In summary, the study of volatile components of Piper aduncum, P. arboreum and P. tuberculatum showed the predominance of monoterpenes in fruits and stems while the sesquiterpenes were mostly detected in their leaves. This finding contrast with the occurrence of sesquiterpenes in Piperaceae species. The analysis of fruits resulted in the description of further components including linalool in P. arboreum which was absent11 or detected in very low amounts20 in previous studies. Such blend of monoterpenes detected in fruits should have attractant properties to the pollinization insects. The linalool, an important compound used in the fragrance industry, was found in significant concentration in the essential oils of fruits and leaves from Piper aduncum. Non-oxygenated sesquiterpenes (b-caryophyllene, bicyclogermacrene, germacrene D, and germacrene A) were identified as the major components of the essential oils of the specimens studied. The essential oil of P. tuberculatum here described for the first time, had the monoterpene a-pinene (10.4-28.7%), b-pinene (12.5-38.2%), and trans-ocimene (8.6-14.5%) and the sesquiterpenes b-caryophyllene (40.2% in leaves), and b-farnesene (8.3% in leaves) as major constituents. In contrast to other Piperaceae species, e.g. Piper hispidinervium2, P. fulvescens21 and P. sanctum22, no detectable amount of phenylpropanoids was observed. A positive correlation between the production of phenylpropanoid (eg. elemicin, myristicin, and sarisan) and lignans/neolignans such as in case of P. regnellii 9 and P. solmsianum12,23 was observed. In P. aduncum, which has the antifungal chromenes as major compound, the phenylpropanoid dillapiol has been detected as major constituent in the Amazonian species4 but not in specimens occurring in southern region of Brazil. In case of P. tuberculatum and P. arboreum, which have amides as major compounds no phenylpropanoid have been detected as well6.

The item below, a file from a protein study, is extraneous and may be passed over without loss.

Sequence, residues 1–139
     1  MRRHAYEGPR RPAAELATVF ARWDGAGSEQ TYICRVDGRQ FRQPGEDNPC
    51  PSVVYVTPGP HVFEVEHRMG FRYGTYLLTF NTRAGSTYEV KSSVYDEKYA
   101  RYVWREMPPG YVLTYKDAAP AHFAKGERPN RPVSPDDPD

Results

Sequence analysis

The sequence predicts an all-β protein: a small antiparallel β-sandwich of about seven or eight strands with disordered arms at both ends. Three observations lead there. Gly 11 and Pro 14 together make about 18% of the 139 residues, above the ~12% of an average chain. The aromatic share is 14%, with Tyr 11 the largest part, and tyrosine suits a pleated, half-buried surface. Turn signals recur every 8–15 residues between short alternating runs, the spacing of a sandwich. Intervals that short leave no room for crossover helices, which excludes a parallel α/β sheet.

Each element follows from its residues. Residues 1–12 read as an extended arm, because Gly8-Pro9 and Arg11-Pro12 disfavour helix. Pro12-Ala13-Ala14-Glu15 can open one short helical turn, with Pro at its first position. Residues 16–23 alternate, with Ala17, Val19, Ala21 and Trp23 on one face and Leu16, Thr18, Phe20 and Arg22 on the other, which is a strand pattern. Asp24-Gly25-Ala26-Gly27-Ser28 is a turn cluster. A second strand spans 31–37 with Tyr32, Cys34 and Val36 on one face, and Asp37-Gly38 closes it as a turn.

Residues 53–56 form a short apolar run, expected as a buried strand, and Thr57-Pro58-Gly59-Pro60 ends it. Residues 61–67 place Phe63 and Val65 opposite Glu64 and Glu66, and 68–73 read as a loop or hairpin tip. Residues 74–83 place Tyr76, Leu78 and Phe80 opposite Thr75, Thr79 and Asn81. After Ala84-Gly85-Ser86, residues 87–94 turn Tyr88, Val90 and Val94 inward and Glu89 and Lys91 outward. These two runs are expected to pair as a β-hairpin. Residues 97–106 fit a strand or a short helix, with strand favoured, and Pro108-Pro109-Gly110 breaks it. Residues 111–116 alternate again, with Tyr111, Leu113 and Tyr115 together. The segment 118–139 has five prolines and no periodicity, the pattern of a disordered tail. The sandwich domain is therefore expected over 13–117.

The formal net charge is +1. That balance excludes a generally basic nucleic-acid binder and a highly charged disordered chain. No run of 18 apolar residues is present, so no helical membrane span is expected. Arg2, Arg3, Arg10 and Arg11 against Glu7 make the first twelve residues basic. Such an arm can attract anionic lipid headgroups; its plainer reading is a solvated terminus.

The antifungal activity of the essential oils was evaluated by means of direct bioautography on TLC plate7. The detection limits of samples (Table 2) were obtained according to methodology described15. The essential oils from fruits of Piper aduncum and P. tuberculatum showed high activity (MIC of 10 µg) against Cladosporium cladosporioides and C. sphaerospermum, respectively, when compared with the standard nystatin (1.0 µg). Further investigations looking at determinations of bioactive constituents should be carried out.




This work was funded by grants provided by FAPESP (97/10184-7) and CNPq/PADCT. This work was also supported by the State of São Paulo Research Foundation (FAPESP) within the BIOTA/FAPESP - The Biodiversity Virtual Institute Program ( M. Furlan, M. J. Kato, M. C. M. Young and V. S. Bolzani are grateful to CNPq for research fellowships. H. M. D. Navickiene, A. A. Morandim, L. O. Regasini, D. C. B. Bergamo and M. Telascrea thanks FAPESP for providing scholarships.



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Recebido em 23/2/05; aceito em 16/9/05; publicado na web em 14/3/06